Ahmadinejad Visit Sparks Heavy Protests
More than 2,000 Columbians gathered on campus in protest to the Iranian President Mahmoud Ahmadinejad as he addressed the university’s students and faculty during a visit on Monday, Sept. 24.
The rally was organized by the Columbia Coalition, an ad hoc group of students formed on behalf of the university’s administration. Members of the coalition said the university had asked them to provide an on-campus forum for peaceful demonstrations and public debate.
The protests came as a response to Ahmadinejad’s past comments that “Israel must be wiped off the map” and that the Holocaust was a “myth,” his government’s suspected support of terrorists in Iraq and Iran’s practice of public executions of homosexuals and other “criminals.”
Ahmadinejad, who was denied permission to lay a wreath at ground zero by city officials earlier last week, will also address the United Nations today.
Ori Sosnik, one of the eight organizers of the Columbia Coalition, said the group had decided not to comment on Columbia’s highly debated decision to invite Ahmadinejad, a year after the university retracted a first invitation for security reasons.
Other students, however, were less shy in voicing their anger about Ahmadinejad’s appearance at this year’s World Leaders Forum.
“I think it’s an atrocity to invite the leader of a country of the axis of evil,” said Ben Weingarten, 20, holding a sign asking to “stop Iran.” “As a Jew I feel offended. I know my parents will never donate any money to this institution and I won’t give a penny until the administration changes,” the second-year political science major said.
Eiton Ben-David, a recent Columbia College graduate, who spoke at the coalition forum on the steps of the Low Library, said he was “ashamed to be associated with Columbia today.” Referring to Ahmadinejad’s anti-Semitic comments, Ben-David, 24, publicly asked the university’s president, Lee C. Bollinger, what else the Iranian president would have to do to be banned from speaking on the campus.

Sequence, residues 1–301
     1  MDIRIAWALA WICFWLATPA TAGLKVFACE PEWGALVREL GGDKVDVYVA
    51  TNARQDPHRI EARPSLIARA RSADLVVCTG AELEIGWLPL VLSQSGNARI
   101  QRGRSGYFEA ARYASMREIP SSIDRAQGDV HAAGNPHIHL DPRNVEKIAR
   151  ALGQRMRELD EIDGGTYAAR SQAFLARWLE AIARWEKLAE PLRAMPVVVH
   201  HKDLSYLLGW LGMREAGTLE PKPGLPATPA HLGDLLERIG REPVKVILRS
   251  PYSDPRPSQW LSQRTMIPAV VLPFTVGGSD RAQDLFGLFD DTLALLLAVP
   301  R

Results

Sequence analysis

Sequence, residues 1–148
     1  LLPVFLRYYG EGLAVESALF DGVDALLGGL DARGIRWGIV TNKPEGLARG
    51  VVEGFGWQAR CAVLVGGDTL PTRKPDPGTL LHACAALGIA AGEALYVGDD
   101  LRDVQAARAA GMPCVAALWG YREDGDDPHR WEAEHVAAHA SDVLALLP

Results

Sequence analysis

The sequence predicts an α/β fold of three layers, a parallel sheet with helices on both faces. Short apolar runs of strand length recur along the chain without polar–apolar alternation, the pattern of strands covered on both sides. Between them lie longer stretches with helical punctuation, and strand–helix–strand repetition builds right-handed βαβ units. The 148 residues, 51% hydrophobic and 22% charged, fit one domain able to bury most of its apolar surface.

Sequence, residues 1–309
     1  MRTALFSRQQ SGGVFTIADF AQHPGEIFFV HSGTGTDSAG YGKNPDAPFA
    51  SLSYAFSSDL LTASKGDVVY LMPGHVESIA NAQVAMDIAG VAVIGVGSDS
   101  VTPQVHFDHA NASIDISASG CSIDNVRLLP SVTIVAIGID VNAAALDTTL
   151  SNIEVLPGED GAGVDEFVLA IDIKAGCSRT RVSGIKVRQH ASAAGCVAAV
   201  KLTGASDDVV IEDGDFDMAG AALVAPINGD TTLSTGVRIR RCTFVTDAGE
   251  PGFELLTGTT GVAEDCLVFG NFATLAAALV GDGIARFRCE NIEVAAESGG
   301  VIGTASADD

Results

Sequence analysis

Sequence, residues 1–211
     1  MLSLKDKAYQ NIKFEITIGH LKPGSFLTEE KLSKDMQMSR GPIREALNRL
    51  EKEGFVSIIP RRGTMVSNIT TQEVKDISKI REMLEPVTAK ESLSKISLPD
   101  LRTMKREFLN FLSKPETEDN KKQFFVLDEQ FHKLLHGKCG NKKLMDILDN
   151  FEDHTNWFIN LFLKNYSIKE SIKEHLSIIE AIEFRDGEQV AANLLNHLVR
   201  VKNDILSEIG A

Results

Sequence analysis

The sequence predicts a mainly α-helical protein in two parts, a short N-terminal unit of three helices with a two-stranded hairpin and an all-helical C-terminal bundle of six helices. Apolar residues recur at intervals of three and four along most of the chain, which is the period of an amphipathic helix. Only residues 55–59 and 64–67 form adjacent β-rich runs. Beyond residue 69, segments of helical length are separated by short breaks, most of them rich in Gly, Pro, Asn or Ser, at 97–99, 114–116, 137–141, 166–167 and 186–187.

Sharona Getz, a New York campus coordinator for the Zionist Organization of America, agreed. “I think it is a scandal and I’m embarrassed about it,” Getz, 22, said.
Others, however, believed that a debate about Ahmadinejad’s views would provide the public with a chance to challenge his beliefs.
“We need more contesting of his ideas, we need debate, we need ferment in the pursuit for truth,” says Allen Lang, 24, an elementary school teacher from Manhattan who visited the campus to protest Ahmadinejad as well as the Bush administration’s threats of war against Iran.
Ben-David, however, had his doubts that the debate would be effective. “All they do is giving him an opportunity to sound more moderate to the audience. What we need to do is to ostracize him,” Ben-David said.
Getz also believed that the Iranian president didn’t deserve the right to speak at Columbia. “It’s ironic that Ahmadinejad denies freedom of speech in his country, but is invited to speak freely here,” she said.
Meanwhile, several Iranian students feared that the protesters were casting a wrong light on their home country.
Fatemeh Farshneshani, 21, a Columbia graduate student of film studies, was in favor of Ahmadinejad’s visit. “I think it’s an amazing idea. This is what an academic debate is all about,” Farshneshani said. The Iranian, however, also feared that the protests were misrepresenting her home county.
Carrying an Iranian flag around her shoulders she said, “Iran is most tolerant of Jews in the Middle East, besides Israel. Ahmadinejad just makes the Iranian government seem anti-Semitic.”